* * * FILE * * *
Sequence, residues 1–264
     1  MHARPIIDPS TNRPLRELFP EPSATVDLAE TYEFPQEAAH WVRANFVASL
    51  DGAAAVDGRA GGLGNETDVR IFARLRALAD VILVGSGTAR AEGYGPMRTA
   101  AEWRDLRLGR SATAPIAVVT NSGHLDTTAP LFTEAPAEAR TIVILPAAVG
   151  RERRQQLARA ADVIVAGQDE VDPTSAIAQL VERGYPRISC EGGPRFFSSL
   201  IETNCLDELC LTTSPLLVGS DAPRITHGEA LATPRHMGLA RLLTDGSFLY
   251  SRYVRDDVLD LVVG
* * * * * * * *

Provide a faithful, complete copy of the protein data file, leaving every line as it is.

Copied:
Sequence, residues 1–264
     1  MHARPIIDPS TNRPLRELFP EPSATVDLAE TYEFPQEAAH WVRANFVASL
    51  DGAAAVDGRA GGLGNETDVR IFARLRALAD VILVGSGTAR AEGYGPMRTA
   101  AEWRDLRLGR SATAPIAVVT NSGHLDTTAP LFTEAPAEAR TIVILPAAVG
   151  RERRQQLARA ADVIVAGQDE VDPTSAIAQL VERGYPRISC EGGPRFFSSL
   201  IETNCLDELC LTTSPLLVGS DAPRITHGEA LATPRHMGLA RLLTDGSFLY
   251  SRYVRDDVLD LVVG